Welcome to Take Charge!
According to the Centers for Disease Control and Prevention, 30.3 million Americans have diabetes, 84.1 million have prediabetes — and the numbers continue to rise.
If diabetes is affecting you or a loved one, we trust you’ll find Take Charge! Living With, Managing & Preventing Diabetes a reliable resource (with your healthcare team) for helping to manage the disease and avoid its complications.
Should your situation be prediabetes,, the good news is that you may be able to prevent or delay the onset of type 2 diabetes by making important lifestyle changes — including eating healthfully, increasing your physical activity, dropping extra pounds if you’re overweight, and keeping your blood pressure, cholesterol and blood glucose in check (“Reduce Your Diabetes Risk“).
‘Tis the season for celebration, with wonderful dinners, parties and other festive events on the calendar that will likely feature an abundance of tempting foods. Learn the simplest, best ways to avoid overindulging (“But It’s Thanksgiving!“).
Exercise can go a long way toward burning some of those extra holiday calories. Moving at least 150 minutes a week may help lower blood pressure and cholesterol, and may prevent heart disease. If the prospect of a long workout seems daunting, take heart in the fact that short sessions can be just as beneficial.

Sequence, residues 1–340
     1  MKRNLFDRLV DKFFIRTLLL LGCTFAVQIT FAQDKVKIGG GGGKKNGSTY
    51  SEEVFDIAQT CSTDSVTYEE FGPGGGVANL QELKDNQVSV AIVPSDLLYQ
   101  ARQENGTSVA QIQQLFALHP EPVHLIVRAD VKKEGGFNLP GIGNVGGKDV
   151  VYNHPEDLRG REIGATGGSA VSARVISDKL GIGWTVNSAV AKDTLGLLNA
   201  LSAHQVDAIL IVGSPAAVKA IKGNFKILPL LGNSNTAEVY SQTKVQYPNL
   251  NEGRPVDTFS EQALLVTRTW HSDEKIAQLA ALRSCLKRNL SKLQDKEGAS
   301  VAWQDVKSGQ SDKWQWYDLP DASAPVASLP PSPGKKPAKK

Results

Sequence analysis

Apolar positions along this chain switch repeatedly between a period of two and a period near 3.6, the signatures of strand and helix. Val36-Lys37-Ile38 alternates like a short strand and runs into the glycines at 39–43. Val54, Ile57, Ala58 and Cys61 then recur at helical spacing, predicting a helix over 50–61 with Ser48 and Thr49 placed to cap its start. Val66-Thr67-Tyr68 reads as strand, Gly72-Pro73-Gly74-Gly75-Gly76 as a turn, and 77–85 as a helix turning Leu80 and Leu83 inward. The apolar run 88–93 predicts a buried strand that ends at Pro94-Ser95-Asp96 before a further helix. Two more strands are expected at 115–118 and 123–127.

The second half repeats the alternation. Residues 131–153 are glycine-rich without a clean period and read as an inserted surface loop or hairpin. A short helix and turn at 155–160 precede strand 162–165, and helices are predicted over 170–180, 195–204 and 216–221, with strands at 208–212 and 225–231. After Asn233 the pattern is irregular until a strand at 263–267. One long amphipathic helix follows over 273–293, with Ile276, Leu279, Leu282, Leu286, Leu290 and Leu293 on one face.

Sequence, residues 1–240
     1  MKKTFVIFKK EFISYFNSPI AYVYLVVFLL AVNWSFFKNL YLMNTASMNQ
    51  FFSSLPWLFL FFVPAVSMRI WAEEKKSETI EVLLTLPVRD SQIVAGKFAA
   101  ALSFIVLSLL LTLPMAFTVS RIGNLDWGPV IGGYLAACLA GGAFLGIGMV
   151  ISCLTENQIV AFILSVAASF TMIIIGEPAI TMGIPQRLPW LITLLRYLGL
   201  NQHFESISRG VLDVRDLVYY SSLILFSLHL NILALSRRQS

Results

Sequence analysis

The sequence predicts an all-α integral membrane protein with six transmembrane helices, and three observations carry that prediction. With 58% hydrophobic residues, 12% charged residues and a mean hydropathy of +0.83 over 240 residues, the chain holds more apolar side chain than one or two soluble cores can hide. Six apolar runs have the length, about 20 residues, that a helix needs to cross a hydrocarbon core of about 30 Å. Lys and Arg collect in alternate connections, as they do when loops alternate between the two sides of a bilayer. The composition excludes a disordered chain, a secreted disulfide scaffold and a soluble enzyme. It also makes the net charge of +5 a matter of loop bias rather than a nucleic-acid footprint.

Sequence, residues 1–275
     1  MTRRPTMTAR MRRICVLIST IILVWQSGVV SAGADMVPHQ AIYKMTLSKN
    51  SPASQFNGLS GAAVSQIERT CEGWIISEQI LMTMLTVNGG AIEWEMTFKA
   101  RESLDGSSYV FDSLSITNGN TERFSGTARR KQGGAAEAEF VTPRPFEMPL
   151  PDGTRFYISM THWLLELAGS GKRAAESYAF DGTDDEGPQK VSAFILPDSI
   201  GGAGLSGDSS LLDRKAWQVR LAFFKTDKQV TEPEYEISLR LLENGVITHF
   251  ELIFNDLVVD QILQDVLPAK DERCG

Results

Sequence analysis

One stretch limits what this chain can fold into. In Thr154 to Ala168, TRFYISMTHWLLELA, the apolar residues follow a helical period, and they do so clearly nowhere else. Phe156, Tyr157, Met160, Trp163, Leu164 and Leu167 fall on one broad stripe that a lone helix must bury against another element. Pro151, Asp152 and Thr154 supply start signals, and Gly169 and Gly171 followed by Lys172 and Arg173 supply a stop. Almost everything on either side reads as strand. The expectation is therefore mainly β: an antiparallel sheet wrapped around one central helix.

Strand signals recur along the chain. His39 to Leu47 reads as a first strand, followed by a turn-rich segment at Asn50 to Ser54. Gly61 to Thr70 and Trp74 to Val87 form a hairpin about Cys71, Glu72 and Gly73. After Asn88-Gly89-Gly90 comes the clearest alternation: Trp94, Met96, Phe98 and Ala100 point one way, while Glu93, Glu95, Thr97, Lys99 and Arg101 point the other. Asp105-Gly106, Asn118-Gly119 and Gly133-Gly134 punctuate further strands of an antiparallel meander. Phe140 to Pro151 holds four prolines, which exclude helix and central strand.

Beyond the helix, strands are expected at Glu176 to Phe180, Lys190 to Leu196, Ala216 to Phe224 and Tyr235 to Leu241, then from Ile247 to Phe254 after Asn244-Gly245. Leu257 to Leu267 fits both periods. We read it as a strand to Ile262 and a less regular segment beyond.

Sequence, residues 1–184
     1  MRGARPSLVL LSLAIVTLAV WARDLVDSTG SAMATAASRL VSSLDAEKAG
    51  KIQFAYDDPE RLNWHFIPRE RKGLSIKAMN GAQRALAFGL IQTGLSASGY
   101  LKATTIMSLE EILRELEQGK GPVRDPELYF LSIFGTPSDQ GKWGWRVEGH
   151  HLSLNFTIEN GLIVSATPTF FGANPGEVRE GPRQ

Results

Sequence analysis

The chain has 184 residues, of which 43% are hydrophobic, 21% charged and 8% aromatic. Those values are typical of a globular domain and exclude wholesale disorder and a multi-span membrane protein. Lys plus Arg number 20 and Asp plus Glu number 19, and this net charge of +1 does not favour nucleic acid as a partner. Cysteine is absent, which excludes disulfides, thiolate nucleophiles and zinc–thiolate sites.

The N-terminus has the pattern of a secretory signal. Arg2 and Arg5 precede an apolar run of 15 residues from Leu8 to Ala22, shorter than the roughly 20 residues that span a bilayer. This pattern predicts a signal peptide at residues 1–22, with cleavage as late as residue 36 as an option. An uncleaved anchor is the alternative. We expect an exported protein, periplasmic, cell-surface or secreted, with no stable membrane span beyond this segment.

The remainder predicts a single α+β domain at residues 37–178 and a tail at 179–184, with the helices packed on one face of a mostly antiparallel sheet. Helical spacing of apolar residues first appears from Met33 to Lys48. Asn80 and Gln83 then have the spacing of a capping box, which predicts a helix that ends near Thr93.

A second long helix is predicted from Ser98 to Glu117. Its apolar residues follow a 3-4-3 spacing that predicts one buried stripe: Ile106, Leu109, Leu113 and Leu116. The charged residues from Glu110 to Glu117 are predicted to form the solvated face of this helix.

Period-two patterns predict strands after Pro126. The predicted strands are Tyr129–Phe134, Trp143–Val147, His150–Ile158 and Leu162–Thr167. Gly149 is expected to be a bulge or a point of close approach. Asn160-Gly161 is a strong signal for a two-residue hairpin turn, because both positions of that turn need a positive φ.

Try to work movement into your day whenever possible, from taking the stairs to walking, doing aerobics, stretching and strength training. Just don’t let the colder temperatures hamper your efforts (“Winter Moves“). And always consult your healthcare provider prior to beginning any new fitness regimen.
Getting a move-on also can assist with sleep, and improving your sleep habits may play a part in enabling you to better manage blood glucose levels (“Chasing Your ZZZs“).
Another reason to get sufficient sleep is that being well rested can reduce your susceptibility to illness (“Achoo!“). Any type of ailment may make it more difficult to take charge of your diabetes and will affect blood glucose levels. So, if you get the flu or just catch the common cold, take good care of yourself. Continue to test your blood glucose levels frequently, eat well and take your diabetes medications or insulin.
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Editor-in-Chief/VP Publishing Operations